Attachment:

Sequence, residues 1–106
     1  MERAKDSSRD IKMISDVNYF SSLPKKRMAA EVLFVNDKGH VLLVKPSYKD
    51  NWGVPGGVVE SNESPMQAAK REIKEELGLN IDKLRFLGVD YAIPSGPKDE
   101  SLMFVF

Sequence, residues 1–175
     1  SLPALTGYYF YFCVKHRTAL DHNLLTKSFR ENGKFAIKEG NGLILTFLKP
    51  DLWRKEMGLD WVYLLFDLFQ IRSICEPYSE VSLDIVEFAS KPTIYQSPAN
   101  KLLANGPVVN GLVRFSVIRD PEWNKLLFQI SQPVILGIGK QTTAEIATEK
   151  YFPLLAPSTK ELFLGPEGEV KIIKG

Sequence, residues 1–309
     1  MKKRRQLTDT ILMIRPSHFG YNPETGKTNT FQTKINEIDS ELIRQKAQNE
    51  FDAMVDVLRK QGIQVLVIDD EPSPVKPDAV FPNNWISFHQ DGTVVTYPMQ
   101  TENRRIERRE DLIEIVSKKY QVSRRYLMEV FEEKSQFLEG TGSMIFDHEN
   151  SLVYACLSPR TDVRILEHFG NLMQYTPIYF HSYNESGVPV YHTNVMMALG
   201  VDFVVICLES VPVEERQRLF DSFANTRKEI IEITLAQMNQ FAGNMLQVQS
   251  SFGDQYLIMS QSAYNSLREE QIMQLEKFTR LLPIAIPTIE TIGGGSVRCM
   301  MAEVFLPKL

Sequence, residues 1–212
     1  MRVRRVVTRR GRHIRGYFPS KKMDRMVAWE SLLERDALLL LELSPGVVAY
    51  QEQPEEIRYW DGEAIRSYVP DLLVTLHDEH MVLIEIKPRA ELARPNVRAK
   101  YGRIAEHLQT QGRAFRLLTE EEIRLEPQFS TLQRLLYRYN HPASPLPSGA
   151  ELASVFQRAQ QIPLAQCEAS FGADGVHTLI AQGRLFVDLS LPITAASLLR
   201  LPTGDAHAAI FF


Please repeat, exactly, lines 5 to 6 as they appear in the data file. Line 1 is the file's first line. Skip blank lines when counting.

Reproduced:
Sequence, residues 1–175
     1  SLPALTGYYF YFCVKHRTAL DHNLLTKSFR ENGKFAIKEG NGLILTFLKP